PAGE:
Author Topic: Starter Volume  (Read 1762 times)

Offline grahambayley

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Starter Volume
« on: September 20, 2018, 04:21:21 AM »
Hi all,

New to All Gain and Beersmith, a full one brew under my belt !

Question on Starter Volume for yeast.

If I work a recipe and my batch size is say 23 litres, what ive noticed is that if I add my Starter to the 'batch' then I get 23 + Starter Volume.  So if its 23 L @ Final Gravity + Starter (say 2 L) then wouldn't the FG of the resultant 25 L volume be diluted ?

Do i need to know off the Starter to the Batch Size to compensate ?

Thanks !

Graham

Offline Oginme

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Re: Starter Volume
« Reply #1 on: September 20, 2018, 05:44:06 AM »
People handle this in different ways.

The short answer is this:  Yes, the starter volume dilutes the wort when added. 

Some people account for this by adjusting the target volume down to accommodate the starter.  Others have enough head room to allow for the addition of the starter to the fermenter.

My preferred approach is to make the starter ahead of time and crash cool it to drop most of the yeast out of solution at least 24 to 48 hours ahead of brewing.  On brew day before adding the starter, I decant as much of the starter wort from the yeast cake on the bottom and then add the remaining to the fermenter once it has reached my target addition temperature.  If you do this, then you want to uncheck the box for 'add starter to bottling volume'.

Recycle your grains, feed them to a goat!

Offline grahambayley

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Re: Starter Volume
« Reply #2 on: September 20, 2018, 06:05:07 AM »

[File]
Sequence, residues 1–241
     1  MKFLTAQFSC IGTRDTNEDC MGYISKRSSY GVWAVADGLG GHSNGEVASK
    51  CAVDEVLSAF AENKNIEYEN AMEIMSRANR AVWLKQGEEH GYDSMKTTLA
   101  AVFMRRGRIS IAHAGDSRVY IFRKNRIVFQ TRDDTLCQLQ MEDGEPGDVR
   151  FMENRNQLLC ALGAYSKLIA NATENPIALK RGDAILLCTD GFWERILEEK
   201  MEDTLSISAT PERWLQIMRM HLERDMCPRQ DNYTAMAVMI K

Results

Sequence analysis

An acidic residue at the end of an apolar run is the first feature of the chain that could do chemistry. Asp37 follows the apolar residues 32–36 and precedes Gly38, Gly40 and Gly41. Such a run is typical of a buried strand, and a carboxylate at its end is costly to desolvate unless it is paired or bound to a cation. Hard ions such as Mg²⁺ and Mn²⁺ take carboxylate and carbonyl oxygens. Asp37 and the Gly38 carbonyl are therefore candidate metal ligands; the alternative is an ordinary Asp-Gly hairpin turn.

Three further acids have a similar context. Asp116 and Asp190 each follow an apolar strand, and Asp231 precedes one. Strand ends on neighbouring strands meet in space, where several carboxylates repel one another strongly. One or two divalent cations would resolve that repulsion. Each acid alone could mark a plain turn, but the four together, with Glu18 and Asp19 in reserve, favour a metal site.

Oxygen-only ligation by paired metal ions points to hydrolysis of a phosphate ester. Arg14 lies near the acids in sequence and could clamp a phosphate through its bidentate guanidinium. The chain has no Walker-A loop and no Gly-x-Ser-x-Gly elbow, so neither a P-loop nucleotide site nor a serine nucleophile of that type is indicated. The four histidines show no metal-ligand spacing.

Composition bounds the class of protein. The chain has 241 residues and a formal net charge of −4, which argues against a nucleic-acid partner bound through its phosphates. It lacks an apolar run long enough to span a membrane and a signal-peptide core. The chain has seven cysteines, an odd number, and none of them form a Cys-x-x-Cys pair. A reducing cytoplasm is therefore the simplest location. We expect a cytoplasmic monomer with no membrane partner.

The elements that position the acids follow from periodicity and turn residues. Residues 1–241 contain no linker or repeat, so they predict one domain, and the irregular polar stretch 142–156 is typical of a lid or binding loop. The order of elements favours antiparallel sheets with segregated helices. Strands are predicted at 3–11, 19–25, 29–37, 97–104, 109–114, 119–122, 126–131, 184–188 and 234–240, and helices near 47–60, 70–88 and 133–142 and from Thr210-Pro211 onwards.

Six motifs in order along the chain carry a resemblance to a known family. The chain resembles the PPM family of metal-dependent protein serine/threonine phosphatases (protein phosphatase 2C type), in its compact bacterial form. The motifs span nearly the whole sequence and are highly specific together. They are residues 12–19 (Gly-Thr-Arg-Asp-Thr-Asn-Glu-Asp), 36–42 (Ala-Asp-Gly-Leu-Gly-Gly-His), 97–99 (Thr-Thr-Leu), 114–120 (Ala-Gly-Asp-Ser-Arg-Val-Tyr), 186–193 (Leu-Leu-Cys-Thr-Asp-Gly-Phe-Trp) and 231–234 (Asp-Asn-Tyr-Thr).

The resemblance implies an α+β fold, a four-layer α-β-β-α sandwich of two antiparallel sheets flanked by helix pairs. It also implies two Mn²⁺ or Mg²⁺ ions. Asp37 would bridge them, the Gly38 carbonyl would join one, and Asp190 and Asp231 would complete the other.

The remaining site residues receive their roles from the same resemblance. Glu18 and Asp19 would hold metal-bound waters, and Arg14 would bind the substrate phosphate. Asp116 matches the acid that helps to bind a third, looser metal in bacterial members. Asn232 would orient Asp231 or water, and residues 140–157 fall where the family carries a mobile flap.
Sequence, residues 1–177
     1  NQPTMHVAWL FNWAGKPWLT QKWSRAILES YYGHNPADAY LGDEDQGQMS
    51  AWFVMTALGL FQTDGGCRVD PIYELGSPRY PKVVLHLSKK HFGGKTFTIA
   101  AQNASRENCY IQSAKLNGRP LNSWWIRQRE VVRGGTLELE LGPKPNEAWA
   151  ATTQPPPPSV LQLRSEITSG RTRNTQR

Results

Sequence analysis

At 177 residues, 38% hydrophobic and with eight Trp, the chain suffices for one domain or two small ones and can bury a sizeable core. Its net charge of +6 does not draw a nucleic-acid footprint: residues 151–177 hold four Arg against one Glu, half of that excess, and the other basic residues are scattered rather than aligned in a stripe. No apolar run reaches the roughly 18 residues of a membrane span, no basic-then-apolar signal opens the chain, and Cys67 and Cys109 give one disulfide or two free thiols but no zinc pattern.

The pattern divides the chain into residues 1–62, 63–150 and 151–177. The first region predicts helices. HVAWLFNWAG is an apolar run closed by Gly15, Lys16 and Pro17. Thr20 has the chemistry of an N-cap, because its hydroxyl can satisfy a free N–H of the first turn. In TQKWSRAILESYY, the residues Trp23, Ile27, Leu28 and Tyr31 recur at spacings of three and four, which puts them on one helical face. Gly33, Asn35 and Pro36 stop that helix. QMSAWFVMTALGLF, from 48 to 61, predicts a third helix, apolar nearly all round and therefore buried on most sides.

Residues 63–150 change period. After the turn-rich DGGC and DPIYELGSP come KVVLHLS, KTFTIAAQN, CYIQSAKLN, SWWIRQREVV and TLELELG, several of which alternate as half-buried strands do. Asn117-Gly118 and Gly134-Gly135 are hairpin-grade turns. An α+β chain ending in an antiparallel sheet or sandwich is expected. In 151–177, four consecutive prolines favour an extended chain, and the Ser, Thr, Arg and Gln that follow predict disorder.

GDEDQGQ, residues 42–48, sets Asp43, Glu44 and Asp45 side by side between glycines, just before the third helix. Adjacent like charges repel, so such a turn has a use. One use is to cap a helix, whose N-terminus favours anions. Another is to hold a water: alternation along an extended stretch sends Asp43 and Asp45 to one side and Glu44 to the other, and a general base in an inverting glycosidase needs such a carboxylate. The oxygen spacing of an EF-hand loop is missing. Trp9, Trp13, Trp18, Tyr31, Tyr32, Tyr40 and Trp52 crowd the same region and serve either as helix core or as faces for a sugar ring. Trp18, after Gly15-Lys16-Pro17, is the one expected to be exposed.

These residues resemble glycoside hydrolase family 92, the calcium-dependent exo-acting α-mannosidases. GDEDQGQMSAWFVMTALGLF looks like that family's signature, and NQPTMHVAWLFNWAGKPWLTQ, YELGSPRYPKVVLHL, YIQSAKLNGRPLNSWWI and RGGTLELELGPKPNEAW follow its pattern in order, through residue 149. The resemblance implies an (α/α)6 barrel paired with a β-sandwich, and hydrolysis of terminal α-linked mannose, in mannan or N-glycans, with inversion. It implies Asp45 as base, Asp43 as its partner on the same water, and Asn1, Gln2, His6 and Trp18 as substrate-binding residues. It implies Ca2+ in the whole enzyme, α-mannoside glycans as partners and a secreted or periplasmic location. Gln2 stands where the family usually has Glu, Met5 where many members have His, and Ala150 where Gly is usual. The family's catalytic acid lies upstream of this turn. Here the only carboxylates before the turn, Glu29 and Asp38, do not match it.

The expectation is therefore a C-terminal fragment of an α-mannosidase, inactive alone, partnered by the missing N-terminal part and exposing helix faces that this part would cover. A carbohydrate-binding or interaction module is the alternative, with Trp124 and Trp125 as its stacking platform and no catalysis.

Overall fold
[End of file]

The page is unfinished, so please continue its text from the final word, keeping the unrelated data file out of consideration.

Hey thanks for the help !

Like your preferred approach, as a matter of interest, what temperature do you cold crash ??

I would have thought a software as cool as Beersmith would have nailed this one ;) 

Not that I'm having a go at beersmith, its certainly allowed me to brew a great M?rzen last weekend ;)   

Great Software and Support well worth the price - thanks guys !

Graham

Offline Oginme

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Re: Starter Volume
« Reply #3 on: September 20, 2018, 06:24:15 AM »
My beer fridge is set pretty low, like 2C to 4C depending upon the time of year.  I do my starters at a pretty low temperature also, just a bit above 15C and let them go for a full 40 to 48 hours before chilling them in the refrigerator. 

I'm not sure what you mean by "BeerSmith would have nailed this one" comment.  There are so many differing methods of doing starters from traditional to a vitality starter that it is hard to include all options.  It does allow for the decanting of starter versus addition of starter, which is one of the biggest differences in methods used.

Another little trick I've picked up is using the sample that I remove from the finished wort for OG testing as a "wake up", quasi vitality starter, for the yeast.  After decanting the starter wort, I will pour the sample (usually about 300 ml to 350 ml) of chilled wort into the flask to loosen up the yeast cake to make it easier to pour.  It will sit for about 3 to 4 hours before being pitched into the fermenter, so it usually has a good start of krausen on the surface.  This tends to start the fermentation of the larger volume much faster, as the yeast has already its growth phase.

 
Recycle your grains, feed them to a goat!

 

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